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U.S. Securities and Exchange Commission

Initial Decision of an SEC Administrative Law Judge

In the Matter of
Warren G. Trepp


FILE NO. 3-8833

Before the
Washington, D.C.

In the Matter of




August 18, 1997

William H. Kuehnle, Linda C. Thomsen, and Joaquin M. Sena for the Division of Enforcement, Securities and Exchange Commission

William C. Hundley, Larry S. Gondelman, and John J. Hoffman for Respondent Warren G. Trepp

Carol Fox Foelak, Administrative Law Judge


The Securities and Exchange Commission (Commission) initiated this proceeding by an Order Instituting Public Proceedings and Notice of Hearing (OIP) on September 28, 1995, pursuant to Section 8A of the Securities Act of 1933 (Securities Act) and Sections 15(b)(6) and 21C of the Securities Exchange Act of 1934 (Exchange Act). The OIP alleged that in 1986 Warren G. Trepp willfully aided, abetted, and caused violations by Drexel Burnham Lambert Incorporated (Drexel) of Section 17(a) of the Exchange Act and Rule 17a-3 thereunder, and violations by Reliance Group Holdings, Inc. (Reliance) of Section 13(a) of the Exchange Act and Rules 13a-1 and 13a-13 thereunder, and Section 17(a)(2) of the Securities Act, in connection with an alleged parking scheme.

I held a hearing in Washington, D.C., on February 13, 14, 15, 22, and 23, 1996. The Division of Enforcement (Division) called six witnesses from whom testimony was taken. The Respondent called five witnesses. A number of exhibits were received into evidence. 1

Pursuant to the requirements of the Administrative Procedure Act (APA), 2 I considered the following post hearing pleadings: (a) the Division's Posttrial Brief and Proposed Findings of Fact and Conclusions of Law, dated April 8, 1996; (b) the Respondent's Posttrial Brief, Proposed Findings of Fact and Conclusions of Law, and Response to Division's Proposed Findings of Fact, dated May 8, 1996; and (c) the Division's Response to Respondent's Proposed Findings of Fact and Posttrial Reply Brief dated May 31, 1996. Additionally, I considered the two findings of fact contained in the Division’s Motion for Leave to File Supplement to Proposed Findings of Fact dated September 13, 1996.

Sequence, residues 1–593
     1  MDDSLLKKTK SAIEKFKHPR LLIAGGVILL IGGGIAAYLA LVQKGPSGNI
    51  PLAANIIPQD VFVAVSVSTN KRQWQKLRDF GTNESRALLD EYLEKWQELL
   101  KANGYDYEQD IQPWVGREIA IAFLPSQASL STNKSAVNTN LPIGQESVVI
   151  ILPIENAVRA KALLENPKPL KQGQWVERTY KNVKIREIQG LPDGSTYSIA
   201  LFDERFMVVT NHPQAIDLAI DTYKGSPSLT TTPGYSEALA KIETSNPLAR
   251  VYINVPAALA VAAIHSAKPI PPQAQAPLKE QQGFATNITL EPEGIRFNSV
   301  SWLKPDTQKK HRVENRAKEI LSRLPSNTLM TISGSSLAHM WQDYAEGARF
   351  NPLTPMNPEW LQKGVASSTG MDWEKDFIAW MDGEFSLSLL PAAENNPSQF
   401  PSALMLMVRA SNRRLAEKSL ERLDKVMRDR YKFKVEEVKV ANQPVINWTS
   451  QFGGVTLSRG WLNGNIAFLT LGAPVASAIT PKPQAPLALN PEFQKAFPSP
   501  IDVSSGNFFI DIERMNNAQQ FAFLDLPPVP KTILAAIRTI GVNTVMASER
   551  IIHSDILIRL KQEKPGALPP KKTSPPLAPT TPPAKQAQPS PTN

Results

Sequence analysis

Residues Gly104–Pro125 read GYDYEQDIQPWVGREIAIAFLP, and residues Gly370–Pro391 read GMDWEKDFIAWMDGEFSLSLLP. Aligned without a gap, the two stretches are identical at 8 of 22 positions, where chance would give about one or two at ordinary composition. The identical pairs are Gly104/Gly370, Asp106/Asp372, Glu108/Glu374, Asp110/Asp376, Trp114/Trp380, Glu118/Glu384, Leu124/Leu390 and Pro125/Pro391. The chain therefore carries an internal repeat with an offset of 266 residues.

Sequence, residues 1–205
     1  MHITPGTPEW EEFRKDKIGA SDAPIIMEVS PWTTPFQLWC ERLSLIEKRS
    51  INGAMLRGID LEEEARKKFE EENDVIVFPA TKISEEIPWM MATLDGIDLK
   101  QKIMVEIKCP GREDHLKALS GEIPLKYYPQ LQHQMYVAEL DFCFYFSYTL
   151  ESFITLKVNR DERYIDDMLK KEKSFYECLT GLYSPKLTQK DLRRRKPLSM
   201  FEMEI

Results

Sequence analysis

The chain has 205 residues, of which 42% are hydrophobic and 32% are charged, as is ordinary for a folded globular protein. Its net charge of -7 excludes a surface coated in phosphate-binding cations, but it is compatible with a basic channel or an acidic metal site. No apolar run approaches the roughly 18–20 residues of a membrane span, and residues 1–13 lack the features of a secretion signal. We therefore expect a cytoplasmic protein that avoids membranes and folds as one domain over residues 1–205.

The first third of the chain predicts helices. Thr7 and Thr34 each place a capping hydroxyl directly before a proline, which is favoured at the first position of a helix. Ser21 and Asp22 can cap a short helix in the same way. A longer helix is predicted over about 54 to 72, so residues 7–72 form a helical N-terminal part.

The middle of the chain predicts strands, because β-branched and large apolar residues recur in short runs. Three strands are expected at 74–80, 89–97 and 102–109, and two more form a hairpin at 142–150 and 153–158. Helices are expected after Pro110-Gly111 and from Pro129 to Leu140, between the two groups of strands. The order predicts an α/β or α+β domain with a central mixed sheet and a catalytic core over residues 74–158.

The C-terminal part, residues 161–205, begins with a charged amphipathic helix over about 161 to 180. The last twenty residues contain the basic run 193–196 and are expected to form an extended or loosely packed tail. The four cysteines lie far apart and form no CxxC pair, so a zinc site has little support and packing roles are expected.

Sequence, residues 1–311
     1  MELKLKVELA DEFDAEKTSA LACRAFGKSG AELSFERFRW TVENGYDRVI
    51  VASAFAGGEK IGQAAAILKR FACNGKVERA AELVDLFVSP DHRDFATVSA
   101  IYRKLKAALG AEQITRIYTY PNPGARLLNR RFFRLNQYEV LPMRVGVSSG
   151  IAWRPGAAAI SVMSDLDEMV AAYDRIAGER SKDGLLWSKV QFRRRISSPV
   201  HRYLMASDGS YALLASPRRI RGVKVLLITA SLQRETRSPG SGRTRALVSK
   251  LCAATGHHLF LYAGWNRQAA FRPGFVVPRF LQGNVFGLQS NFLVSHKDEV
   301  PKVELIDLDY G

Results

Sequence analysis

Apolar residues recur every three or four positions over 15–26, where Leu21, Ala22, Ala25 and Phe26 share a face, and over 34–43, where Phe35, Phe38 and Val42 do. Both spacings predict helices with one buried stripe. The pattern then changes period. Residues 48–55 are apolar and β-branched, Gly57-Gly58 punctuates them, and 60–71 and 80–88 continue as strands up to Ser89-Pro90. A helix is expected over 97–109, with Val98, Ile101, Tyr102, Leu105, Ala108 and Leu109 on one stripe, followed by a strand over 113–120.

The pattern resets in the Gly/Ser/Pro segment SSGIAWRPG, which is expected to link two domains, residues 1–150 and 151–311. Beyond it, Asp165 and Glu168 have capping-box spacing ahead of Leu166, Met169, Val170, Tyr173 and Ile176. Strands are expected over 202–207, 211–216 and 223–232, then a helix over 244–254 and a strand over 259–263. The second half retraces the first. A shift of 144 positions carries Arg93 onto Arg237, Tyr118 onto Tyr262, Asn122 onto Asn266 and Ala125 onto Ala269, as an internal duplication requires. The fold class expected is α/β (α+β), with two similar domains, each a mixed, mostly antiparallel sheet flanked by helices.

The Division is seeking an order to cease and desist, as well as a bar from association with any broker, dealer, municipal securities dealer, investment advisor, or investment company. The Respondent contends that the Division failed to prove the violations alleged, that the finding of the United States Court of Appeals for the District of Columbia Circuit in Johnson v. SEC, 87 F.3d 484 (D.C. Cir. 1996), reh'g den., Aug. 28, 1996, precludes the imposition of a bar, and that to order Respondent Trepp to cease and desist from further violations would be an illegal, retroactive application of the Remedies Act.

My findings and conclusions are based on the record and my observations of the witnesses' demeanor. I have applied preponderance of the evidence as the applicable standard of proof. I have considered and rejected all the arguments and proposed findings that are inconsistent with this decision.

A. Violations

The OIP alleged that in 1986 Respondent Trepp purchased and resold a series of bonds for the benefit of a customer during second and third quarter "programs," under an agreement which eliminated market risk and whose purpose was to record gains on the books of the customer. As a consequence, the OIP alleged that Mr. Trepp willfully aided, abetted, and caused: 1) Drexel’s violations of Section 17(a) of the Exchange Act and Rule 17a-3 thereunder, by failing to ensure that Drexel’s trade tickets reflected the terms and conditions of the agreement between Drexel and the customer; 2) the customer’s violations of Section 13(a) of the Exchange Act and Rules 13a-1 and 13a-13 thereunder, by executing the transactions according to the agreement but recording them as bona fide purchases and sales, knowing that the customer would use the false information to record gains in its financial statements; and 3) the customer’s violations of Section 17(a)(2) of the Securities Act in connection with the offer and sale of securities, by executing and concealing the second quarter program knowing that the customer would use the results to materially overstate income in its financial statements.

B. Available Sanctions

1. Bar

The authority cited in the OIP for a bar is Section 15(b)(6) of the Exchange Act. While this proceeding was pending, the United States Court of Appeals for the District of Columbia Circuit held in Johnson v. SEC, 87 F.3d 484, that a Commission "proceeding resulting in a censure and a six-month disciplinary suspension of a securities industry supervisor was a proceeding 'for the enforcement of any civil fine, penalty or forfeiture, pecuniary or otherwise,' within the meaning of (28 U.S.C.) § 2462." As a result, the court found that the section's five-year statute of limitations "does apply to SEC proceedings under Section 15(b) of the Securities and (sic) Exchange Act of 1934 which seek to censure and suspend a securities supervisor." Id. at 492.